The pipeline route across Botany Bay was chosen because it avoids known areas of contamination. Every practical effort is being made to protect the Bay environment during construction. Water quality monitoring is ongoing during construction activities, in accordance with the Construction Water Quality Management Plan. The results of this monitoring will help the project team manage their work.

Project scope

The main project works are:

  • A drinking water pumping station on the site of the desalination plant in Kurnell.
  • Infrastructure from the pumping station to the existing water supply system in Erskineville, via Silver Beach and Kyeemagh, including associated connections and flow and pressure controls.
  • Marine works consisting of twin 7.5 km long, 1,400 mm diameter steel pipelines across Botany Bay;
  • Approximately 6.4 km of 1,800 mm diameter mild steel cement-lined onshore pipe, slipped inside 2,100 mm diameter concrete pipes and installed by trenchless microtunnelling; and
  • Approximately 3 km of 1,800 mm diameter MSCL onshore pipeline, installed by dig and lay conventional trenching methods, with sheetpile and trench box shoring as required.

Overcoming challenges

Given the size of the project, and the locations it must traverse, considerable pre-planning and consultation has taken place with various regulatory authorities and the many wider stakeholders, including the community that will be affected by construction operations along the pipeline route. The Water Delivery Alliance has in place a structured team of proven community and environmental personnel, providing support to the wider team and ensuring that all approvals have been obtained and that stakeholders are well informed of both the program and methods of the activities that will take place in their vicinity. Community feedback has been encouraged and adjustments to the method or timing of activities have been made to accommodate the community’s concerns, wherever possible.

This project is breaking new ground to achieve the distances set for the tunnel drives, while the sizing of the laybarge operations require laying twin 1,400 mm diameter pipe in a pre-dredged trench across the vast Botany Bay waters, which is likely to be challenging. Some of the tunnels will be the longest undertaken by pipe jack method in Australia, and potentially within the Southern Hemisphere. No twin pipeline of this diameter, laid simultaneously from a barge for 8 km, has been executed previously in Australia.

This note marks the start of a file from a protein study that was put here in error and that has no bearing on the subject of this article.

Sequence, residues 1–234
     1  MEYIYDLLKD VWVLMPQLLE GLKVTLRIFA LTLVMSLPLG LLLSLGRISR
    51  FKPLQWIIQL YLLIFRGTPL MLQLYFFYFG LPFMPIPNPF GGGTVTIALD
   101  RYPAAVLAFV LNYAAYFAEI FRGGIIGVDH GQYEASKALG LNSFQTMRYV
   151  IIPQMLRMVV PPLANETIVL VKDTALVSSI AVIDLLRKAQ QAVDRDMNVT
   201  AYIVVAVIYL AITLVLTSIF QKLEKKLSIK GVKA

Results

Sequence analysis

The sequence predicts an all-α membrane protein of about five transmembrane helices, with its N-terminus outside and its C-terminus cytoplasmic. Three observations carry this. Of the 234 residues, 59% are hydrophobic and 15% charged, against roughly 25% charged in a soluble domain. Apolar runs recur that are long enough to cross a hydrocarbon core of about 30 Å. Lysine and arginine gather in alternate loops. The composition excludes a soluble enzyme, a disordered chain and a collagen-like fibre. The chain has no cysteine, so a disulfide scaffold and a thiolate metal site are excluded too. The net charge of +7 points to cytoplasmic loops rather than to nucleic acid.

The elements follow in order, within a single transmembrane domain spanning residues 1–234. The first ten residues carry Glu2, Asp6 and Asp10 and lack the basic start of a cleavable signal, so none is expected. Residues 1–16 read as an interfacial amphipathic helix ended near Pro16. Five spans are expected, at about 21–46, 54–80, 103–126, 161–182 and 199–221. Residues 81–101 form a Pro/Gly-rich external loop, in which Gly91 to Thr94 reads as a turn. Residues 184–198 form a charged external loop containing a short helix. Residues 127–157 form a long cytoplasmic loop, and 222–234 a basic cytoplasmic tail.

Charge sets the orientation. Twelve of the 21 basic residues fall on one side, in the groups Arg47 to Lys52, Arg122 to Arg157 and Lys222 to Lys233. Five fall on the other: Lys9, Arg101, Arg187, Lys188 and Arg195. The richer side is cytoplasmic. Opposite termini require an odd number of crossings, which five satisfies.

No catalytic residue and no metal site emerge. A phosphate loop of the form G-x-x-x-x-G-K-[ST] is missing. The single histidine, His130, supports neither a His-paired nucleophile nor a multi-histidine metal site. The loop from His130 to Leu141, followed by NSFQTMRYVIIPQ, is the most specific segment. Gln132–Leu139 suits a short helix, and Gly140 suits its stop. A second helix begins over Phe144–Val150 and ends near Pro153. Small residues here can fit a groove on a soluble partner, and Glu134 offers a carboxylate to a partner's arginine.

Notwithstanding the considerable challenges that exist, the Water Delivery Alliance team are well skilled and committed to overcoming them, utilising innovation and a team culture that is striving for the completion of this project on time, in a safe manner and surmounting technical challenges to break new ground.


Water supplied from the desalination plant will increase the total volume of water available to all customers across the whole Sydney Water area, including the Blue Mountains, the Illawarra and Sydney.

The desalination plant will be capable of producing up to 250 megalitres of water per day (ML/d), and will be able to be modified to produce 500 ML/d if required. With a nominal capacity of 500 ML/d, the new pipeline will be able to operate for short periods at up to 550 ML/d, to allow the flow to integrate into Sydney Water’s existing water supply network.

The pipeline and associated infrastructure is under construction by the Water Delivery Alliance, made up of Bovis Lend Lease, McConnell Dowell, Kellogg Brown & Root, Worley Parsons, Environmental Resources Management and Sydney Water Corporation. All of the parties to the alliance are responsible for the works to be designed, constructed and commissioned.

Enter your details here to subscribe to the free Trenchless Australasia Online Update.

Thank you for signing up for the Trenchless Australasia Online Update.